While star Saoirse Ronan’s visceral turn is a marvel to observe so too is Wright’s. Like his protagonist he ventures into the unknown with this material taking the reigns of a film that couldn’t be any more foreign to him. Coming off of past projects grounded in romance and realism he forges new territory with Hanna delivering a fresh approach to the at-times tired spy thriller. He presents the major plot points of the story patiently delicately hinting at the big picture and always leaving you pining for more. Though the twist is ultimately predictable the fun part is putting the pieces of the puzzle together on your own. You’ll find more brilliance in his method by dissecting the picture piece by piece. His use of sound in both the film’s abstract score (from the sorely missed Chemical Brothers) and its effects which phase in and out at calculated points is in part a cinematic experiment that plays with perception in ways that audiences may not have experienced in a mainstream movie. There are also a few visual motifs in select scenes (most notably a killer fight sequence that ends with Eric Bana exterminating a handful of Agency henchman) that tell a parallel visual tale to supplement the narrative.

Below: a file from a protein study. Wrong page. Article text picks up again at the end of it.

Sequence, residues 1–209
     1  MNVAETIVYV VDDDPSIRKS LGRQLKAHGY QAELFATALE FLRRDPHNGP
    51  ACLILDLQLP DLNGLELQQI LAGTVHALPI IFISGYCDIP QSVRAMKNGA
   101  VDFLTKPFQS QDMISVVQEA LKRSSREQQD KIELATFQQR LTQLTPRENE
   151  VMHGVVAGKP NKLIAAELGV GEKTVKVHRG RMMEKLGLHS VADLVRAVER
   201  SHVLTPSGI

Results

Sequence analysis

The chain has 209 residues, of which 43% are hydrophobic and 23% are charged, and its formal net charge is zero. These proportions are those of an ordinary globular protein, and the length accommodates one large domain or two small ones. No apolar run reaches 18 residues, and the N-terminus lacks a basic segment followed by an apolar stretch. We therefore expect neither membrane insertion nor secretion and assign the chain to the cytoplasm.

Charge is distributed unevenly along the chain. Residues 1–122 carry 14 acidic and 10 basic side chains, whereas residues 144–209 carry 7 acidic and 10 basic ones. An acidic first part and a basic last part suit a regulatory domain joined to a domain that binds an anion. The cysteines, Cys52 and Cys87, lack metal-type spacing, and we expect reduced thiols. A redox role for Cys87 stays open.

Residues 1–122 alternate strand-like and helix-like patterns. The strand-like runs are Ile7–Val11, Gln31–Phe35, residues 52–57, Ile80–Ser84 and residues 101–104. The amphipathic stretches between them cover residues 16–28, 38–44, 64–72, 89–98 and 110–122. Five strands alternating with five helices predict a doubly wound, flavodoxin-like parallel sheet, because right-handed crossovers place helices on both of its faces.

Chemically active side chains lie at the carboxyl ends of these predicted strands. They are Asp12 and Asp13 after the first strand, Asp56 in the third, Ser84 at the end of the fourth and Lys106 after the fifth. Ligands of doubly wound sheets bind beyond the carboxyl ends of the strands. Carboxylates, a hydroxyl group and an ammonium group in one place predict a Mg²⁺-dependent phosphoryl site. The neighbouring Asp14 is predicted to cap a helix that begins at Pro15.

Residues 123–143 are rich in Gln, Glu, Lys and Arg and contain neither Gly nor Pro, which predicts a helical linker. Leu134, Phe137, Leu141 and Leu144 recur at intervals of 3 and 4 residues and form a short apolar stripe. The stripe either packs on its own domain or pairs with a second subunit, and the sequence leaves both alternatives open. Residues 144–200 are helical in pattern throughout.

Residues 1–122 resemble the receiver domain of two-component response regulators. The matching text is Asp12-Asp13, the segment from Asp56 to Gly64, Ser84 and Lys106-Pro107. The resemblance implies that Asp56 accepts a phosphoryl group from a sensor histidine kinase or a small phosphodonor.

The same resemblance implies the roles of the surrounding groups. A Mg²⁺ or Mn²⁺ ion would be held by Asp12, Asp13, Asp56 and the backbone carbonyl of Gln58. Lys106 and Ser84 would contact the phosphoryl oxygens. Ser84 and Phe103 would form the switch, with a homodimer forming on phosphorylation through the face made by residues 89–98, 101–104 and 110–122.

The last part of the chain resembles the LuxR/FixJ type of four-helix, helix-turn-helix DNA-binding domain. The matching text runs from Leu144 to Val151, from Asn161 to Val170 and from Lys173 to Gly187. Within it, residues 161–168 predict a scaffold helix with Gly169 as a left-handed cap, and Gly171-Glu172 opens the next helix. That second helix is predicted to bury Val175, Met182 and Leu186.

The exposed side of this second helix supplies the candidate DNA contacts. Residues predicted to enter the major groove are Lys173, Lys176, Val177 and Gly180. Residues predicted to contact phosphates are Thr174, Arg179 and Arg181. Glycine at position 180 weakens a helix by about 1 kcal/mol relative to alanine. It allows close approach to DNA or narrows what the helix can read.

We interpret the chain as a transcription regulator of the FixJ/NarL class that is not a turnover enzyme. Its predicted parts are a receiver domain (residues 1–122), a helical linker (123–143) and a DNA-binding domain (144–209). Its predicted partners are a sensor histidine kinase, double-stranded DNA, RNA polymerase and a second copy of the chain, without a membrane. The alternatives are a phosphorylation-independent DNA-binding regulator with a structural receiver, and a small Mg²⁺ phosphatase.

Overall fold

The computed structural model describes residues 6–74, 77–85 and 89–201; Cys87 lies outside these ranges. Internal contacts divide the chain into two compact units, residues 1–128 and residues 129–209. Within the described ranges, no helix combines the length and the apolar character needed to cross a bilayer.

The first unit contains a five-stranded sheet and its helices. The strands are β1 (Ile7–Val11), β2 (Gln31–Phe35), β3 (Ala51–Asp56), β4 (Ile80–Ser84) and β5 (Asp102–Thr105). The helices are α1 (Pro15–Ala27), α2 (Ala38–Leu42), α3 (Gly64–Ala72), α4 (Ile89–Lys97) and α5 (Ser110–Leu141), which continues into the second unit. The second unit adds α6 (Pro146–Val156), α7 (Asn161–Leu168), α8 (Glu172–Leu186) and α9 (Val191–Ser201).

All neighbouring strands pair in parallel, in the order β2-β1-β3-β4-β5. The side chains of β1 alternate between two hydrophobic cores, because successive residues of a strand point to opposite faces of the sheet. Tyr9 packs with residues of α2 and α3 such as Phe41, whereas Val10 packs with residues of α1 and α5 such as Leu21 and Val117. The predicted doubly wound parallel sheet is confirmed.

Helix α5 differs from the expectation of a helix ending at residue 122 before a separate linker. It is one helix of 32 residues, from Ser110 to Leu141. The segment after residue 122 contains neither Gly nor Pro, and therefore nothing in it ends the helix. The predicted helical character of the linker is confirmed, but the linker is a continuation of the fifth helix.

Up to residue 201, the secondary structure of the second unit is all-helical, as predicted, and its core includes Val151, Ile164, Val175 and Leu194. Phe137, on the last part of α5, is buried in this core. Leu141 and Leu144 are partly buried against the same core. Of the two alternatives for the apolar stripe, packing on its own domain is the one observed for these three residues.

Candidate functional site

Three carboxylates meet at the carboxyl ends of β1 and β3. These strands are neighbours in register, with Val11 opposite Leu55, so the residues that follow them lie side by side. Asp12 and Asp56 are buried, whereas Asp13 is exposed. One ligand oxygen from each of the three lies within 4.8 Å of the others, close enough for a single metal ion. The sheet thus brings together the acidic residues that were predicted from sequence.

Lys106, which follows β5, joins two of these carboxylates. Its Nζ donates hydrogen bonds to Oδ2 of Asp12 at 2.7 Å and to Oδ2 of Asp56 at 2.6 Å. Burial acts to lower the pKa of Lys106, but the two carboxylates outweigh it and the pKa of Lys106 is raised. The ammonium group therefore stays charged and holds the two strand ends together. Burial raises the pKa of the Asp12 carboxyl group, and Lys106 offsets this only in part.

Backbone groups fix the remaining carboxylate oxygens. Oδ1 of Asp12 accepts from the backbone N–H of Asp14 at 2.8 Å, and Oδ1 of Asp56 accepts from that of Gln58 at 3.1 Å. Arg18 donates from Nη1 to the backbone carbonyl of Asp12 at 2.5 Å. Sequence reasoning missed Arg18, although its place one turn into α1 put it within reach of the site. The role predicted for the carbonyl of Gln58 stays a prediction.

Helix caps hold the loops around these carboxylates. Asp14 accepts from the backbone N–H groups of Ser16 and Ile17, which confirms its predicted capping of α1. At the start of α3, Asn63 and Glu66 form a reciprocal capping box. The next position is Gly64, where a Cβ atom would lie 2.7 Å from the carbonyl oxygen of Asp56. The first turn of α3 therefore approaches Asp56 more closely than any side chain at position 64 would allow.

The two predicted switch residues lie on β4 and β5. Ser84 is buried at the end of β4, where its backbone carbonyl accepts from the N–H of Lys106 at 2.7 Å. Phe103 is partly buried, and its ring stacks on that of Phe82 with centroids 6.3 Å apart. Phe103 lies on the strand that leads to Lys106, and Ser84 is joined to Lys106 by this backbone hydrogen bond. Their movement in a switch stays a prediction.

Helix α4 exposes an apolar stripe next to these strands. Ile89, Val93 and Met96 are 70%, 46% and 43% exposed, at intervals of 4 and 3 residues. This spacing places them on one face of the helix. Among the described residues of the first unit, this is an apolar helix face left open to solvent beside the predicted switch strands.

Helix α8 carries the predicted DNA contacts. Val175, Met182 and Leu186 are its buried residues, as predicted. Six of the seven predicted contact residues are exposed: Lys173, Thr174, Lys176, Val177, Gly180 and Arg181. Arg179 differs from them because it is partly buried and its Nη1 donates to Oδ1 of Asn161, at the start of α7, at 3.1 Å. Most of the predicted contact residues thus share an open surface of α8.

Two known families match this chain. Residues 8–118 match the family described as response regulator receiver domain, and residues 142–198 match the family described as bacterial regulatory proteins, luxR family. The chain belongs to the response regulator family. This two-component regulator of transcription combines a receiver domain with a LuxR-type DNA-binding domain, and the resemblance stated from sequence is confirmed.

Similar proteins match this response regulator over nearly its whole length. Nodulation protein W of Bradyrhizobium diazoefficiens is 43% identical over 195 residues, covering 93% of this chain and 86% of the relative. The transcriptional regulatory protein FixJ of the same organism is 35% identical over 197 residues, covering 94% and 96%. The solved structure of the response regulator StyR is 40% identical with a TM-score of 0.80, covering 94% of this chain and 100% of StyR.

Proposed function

Thematically Hanna is even more complex. Screenwriters Seth Lochhead and David Farr explore the limitations of a disconnected mind in their Black List-certified script giving their curious character the opportunity to learn much about society and her self while hitchhiking across continents. Of greater significance is the culture clash of Western materialism and Eastern minimalism manifested in the form of a British family traveling abroad that Hanna befriends (the young daughter played by Jessica Barden is a poster child for consumerism) and the contrast between Cate Blanchett’s Marissa Wiegler and Bana’s Erik Heller.